Arduino: Speech controlled Neopixels


In this blog post I will show you how to control some Neopixels using your voice, using one Flip & click, one 4×4 RGB click board and the Speakup click from MikroElektronika.

This blog post is more than two years old.

In my previous blog post I wrote a bit about using the SpeakUp click in an Arduino environment, focusing on potential problems related to logic levels. Shortly, the SpeakUp click has three pins that are 3.3V only, thus its use with Arduino Uno boards is quite difficult, and you can easily damage your SpeakUp click board.

Initially, I wanted to use a 3.3V Arduino Pro, but that board is 3.3V only, The SpeakUp click will work fine with the Arduino Pro. On the other hand, the 4×4 RGB click needs both 5V (for LED power supply) and 3.3V (for control logic). So, the Arduino Pro won’t work in this project.

I’m left with two possible choices: Arduino Due plus Arduino Mega Click Shield, or the Flip & Click. I close the latter, as it’s a cheaper option.

As usual, it’s just like playing with Lego: 4×4 RGB LED click goes into mikroBUS socket #1, while the SpeakUp click goes into mikroBus socket #2. Simple as this.

But what about software? Well, there are two issues to solve: programming the SpeakUpo click and writing the Arduino code.

Programming the SpeakUp click

The SpeakUp click is programmed using the PC software provided by MikroElektronika. So, download and install the software.

The SpeakUp Firmware uses Dynamic Time Warping (DTW) algorithm – word-based, isolated word, speaker dependent and template matching algorithm:

  • In the word based speech recognition the smallest recognition unit is a word
  • In the isolated word recognition, words that are uttered with short pauses are recognized,
  • Speaker dependent reference patterns are constructed for a single speaker,
  • Template matching algorithm is a form of pattern recognition. It represents speech data as sets of feature/parameter vectors called templates. Each word or phrase in an application is stored as a separate template. The input speech is then compared with stored templates and the stored template most closely matching the incoming speech pattern is identified as the input word or phrase.


Before going into programming, one must choose the command words. Try to choose words that are as dissimilar to each other as possible, thus increasing the chance of a good recognition. My commands are “white”, “red”, “green”, “blue”, “brighter”, “dimmer”, and “turn off”. Note that I don’t use bright as it’s just too similar with white.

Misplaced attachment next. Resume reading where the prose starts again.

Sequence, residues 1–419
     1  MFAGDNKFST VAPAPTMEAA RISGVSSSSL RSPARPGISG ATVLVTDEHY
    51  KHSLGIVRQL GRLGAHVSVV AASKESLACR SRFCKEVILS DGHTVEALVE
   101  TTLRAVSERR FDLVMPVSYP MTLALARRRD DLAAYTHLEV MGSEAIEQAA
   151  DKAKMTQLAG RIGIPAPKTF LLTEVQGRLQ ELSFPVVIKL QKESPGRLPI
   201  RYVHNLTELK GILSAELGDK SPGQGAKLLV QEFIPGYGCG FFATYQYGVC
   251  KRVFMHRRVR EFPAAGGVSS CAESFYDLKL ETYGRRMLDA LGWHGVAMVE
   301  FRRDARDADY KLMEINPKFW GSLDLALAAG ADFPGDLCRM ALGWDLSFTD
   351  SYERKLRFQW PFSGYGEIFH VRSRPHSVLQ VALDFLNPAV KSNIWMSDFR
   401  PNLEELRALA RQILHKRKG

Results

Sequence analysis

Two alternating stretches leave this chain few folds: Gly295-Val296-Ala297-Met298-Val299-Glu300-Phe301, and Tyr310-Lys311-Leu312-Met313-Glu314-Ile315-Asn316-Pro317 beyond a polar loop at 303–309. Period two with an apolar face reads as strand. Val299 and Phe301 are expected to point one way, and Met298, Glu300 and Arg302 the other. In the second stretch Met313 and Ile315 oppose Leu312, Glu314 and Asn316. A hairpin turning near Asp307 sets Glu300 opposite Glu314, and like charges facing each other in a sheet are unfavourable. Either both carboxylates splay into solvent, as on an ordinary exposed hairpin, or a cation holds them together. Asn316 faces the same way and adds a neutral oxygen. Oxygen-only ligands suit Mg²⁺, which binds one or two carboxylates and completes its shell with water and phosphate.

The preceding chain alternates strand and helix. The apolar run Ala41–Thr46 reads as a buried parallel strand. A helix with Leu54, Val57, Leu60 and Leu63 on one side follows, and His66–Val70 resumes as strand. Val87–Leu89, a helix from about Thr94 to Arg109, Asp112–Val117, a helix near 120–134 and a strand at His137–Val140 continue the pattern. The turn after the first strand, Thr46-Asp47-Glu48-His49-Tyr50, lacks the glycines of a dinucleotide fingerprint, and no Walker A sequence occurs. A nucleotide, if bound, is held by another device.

Once you connect the SpeakUp click it will perform ambient noise detection. This takes about 20 seconds, during which the SpeakUp click will appear unresponsive. Just give it enough time and it will start.

Next, we create a new project and we go to Settings. My settings are: Acceptance threshold = 50; Recording timeout = 5s; Word length = 1.5; Noise Level = Auto; Notify mater = UART; Data rate = 9600 baud.

When we connect the SpeakUp click it will perform ambient noise detection. This takes about 20 seconds, during which the SpeakUp click will appear unresponsive.

Then we can create a new project, and we go to settings. I used Acceptance threshold = 50; Recording timeout = 5s; Word length = 1.5s; Noise level = Auto; Notify master = UART; Data rate = 9600.

The next step is to record the commands. Keep the SpeakUp click close to your mouth (5-6 cm works fine) and speak loudly and clear. Listen to the recorded voice and record it again if the level is too low of it’s not clear.

Note that the DTW algorithm used by the SpeakUp click is speaker-specific. If you have multiple users, you have to record the same command for each speaker. Thus, a command can have multiple numeric indices. This can be later solved in the Arduino code.

Once everything is fine, save your project, upload the code to the SpeakUp click and export the constants. This latter step creates a .c file with the numeric correspondence of each command.

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